Genomic variations influencing basal pain sensitivity, the likelihood of developing chronic pain diseases as well as the response to pharmacotherapy of pain are currently under investigation Here, we review examples of promising approaches to diagnose genetic predisposition from recently published studies.
Candidate genes such as those for catechol-O-methyltransferase, melanocortin-1 receptor, guanosine triphosphate cyclohydrolase and μ-opioid receptor have been intensively investigated, and associations were found with sensitivity to pain as well as with analgesic requirements in states of acute and chronic pain. In contrast, the impact of genetic variants of drug-metabolizing enzymes on the response to pharmacotherapy is generally well described. Polymorphisms of the cytochrome P450 enzymes influence the analgesic efficacy of codeine, tramadol, tricyclic antidepressants and nonsteroidal antiinflammatory drugs. Together with further candidate genes, they are major targets of ongoing research in order to identify associations between an individual's genetic profile and drug response (pharmacogenetics).
The article reviews recent studies on genetic variables influencing pain and pharmacotherapy. Examples of promising candidate genes have been intensively studied during recent years. Although the number of subjects investigated is often small, published data and current advances in genotyping and study design suggest valid and clinically relevant results to date and even more in the future.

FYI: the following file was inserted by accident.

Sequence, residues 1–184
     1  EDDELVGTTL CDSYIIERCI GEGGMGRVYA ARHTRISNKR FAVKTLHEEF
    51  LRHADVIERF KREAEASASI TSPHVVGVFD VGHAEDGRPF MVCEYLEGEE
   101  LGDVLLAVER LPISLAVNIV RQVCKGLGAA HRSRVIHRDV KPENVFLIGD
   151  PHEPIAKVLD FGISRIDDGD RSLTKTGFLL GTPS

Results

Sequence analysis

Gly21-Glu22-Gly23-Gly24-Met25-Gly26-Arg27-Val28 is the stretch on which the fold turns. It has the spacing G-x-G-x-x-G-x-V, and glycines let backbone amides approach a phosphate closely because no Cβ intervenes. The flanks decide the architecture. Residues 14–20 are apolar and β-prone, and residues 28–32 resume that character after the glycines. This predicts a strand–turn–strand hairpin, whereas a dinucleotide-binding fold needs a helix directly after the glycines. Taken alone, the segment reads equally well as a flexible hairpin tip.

Department of Anesthesiology and Intensive Care Medicine, Rheinische Friedrich-Wilhelms-Universität, Bonn, Germany
Correspondence to PD Dr med. Ulrike Stamer, MD, Associate Professor of Anesthesiology and Pain Medicine, Department of Anesthesiology and Intensive Care Medicine, Rheinische Friedrich-Wilhelms-Universität, Sigmund-Freud-Strasse 25, 53105 Bonn, Germany Tel: +49 228 28714114; fax: +49 228 28714125; e-mail: firstname.lastname@example.org